As stated in the text, “They carry slingshots, fashion spears, rehearse ambushes from behind snowbanks. They join a bristling gang of miners’ sons who sit in the market square, sleeves rolled up, shorts hiked to their hips. ‘Good evening,’ the cry at passerby. ‘Or heil Hitler, if you prefer!’ They give each other matching haircuts and wrestle in the parlor and brag about the rifle training they’re preparing for, the gliders they’ll fly, the tank turrets they’ll operate. Our flag represents the new era, chant Hans and Herribert, our flag leads us to eternity.” (Doerr, 42) This passage provided a better image of how naive and brainwashed civilians of the Nazi regime became. The author provides a description which underlyingly emphasizes the historical aspect of the book; readers can infer the time period and location just from the greetings used and the manner of the citizens. Because the general traffic on streets today have a destination or purpose, I found it interesting that people seemed to casually inhabit
Although humans may originally behave due to innate reasons, much of literature argues external forces shape character and possess the power to influence the way societies behave. Markus Zusak’s The Book Thief exhibits how individuals may react in times of discrimination, and demonstrates the love and hate accompanying war. Difficult times challenge morality, and tests one’s limits; Liesel Meminger perseveres through arduous events, namely due to her identity as a creative and brave adolescent. Liesel’s identity is shaped and ultimately strengthened by outside forces.
Hans Fallada’s novel Little Man What Now, illustrates the story of a German man who hits low points throughout his life. Pinneberg is the man that is forced to marry when he gets his girlfriend pregnant. He struggles from one job to another and is struggling to support his family. This story depicts the overwhelming reality of a middle class family in Germany. A difficulty of maintaining a budget is important in society. It includes the fear of the middle class towards the government too. Han’s Fallada novel is effective in describing the realities of the middle class families in they struggle to maintain a job, to maintain a marriage, and to maintain the trends within society.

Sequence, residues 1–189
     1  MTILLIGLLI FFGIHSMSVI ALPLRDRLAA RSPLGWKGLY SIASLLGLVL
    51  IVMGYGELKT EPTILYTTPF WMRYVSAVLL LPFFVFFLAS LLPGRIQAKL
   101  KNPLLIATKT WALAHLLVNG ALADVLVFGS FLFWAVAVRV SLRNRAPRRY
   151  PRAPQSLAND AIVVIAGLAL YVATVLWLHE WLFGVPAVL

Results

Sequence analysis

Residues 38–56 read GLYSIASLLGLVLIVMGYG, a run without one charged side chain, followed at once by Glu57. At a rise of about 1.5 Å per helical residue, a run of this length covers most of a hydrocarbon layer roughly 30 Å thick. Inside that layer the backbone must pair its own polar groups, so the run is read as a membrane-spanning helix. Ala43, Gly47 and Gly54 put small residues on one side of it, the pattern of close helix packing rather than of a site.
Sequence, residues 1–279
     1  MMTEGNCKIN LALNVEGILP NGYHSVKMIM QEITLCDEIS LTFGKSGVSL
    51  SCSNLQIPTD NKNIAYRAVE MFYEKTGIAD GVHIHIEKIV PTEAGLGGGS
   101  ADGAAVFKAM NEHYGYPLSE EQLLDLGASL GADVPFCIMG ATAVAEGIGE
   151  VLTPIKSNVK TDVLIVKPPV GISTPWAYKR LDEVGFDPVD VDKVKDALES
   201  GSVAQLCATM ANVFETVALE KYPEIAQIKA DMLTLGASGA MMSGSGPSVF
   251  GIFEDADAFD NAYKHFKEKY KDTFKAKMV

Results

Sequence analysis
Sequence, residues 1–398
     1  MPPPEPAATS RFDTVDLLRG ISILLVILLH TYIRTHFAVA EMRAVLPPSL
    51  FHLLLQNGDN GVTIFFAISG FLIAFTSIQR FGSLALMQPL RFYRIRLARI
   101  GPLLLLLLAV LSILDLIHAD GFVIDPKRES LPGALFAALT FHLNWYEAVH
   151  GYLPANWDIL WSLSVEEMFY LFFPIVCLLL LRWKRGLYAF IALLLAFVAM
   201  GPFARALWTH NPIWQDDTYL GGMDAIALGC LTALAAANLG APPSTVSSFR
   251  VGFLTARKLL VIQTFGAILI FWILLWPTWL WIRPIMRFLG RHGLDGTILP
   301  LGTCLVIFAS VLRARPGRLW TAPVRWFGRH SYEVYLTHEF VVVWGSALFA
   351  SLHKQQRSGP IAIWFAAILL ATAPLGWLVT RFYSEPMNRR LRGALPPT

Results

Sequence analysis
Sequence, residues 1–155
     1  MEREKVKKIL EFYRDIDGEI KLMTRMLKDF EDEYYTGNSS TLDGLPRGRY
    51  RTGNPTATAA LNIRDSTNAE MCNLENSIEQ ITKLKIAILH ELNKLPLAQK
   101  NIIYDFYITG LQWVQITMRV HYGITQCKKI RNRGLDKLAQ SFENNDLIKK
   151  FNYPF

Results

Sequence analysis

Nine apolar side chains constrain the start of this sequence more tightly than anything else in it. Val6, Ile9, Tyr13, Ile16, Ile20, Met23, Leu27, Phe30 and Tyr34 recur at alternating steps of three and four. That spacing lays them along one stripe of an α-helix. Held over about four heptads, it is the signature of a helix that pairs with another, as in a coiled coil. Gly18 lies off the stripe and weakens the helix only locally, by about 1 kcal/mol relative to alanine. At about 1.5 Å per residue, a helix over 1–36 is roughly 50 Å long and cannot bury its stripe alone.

The movie Passchendaele has been historically accurate about the themes of war. It has shown that those in command are willing to do anything to get young men to become a part of the war, which included public shaming, like we had seen during Sgt. Michael’s award ceremony, and lying and taking advantage of the more innocent teens, like David Mann, who was gotten rid of by Dr. Walker. What was also accurately shown was the extreme racism and persecution of those who were of different colour or race .Sarah Mann, who had stayed in Canada all her life, had her home vandalized with the word “Hun” painted on the walls. She might’ve even been assaulted by the group of men outside of her door
Stasiland (2002) is a non-fiction journalistic text written by Anna Funder whereas, in 1984 (1949) written by George Orwell is a dystopian novel. Both texts look at how oppression works and what they have in common is the oppression of individualities. Anne funder is looking at what really happened, yet it is still horrific however, Orwell takes it to an extreme because it’s a novel. In addition to this, in Stasiland people’s privacy and freedom is being invaded because of the uncontrollable power that the Stasi holds. This is the same with 1984, Big Brother and how they would watch everything that happens to every single individual so they’re not going against the country.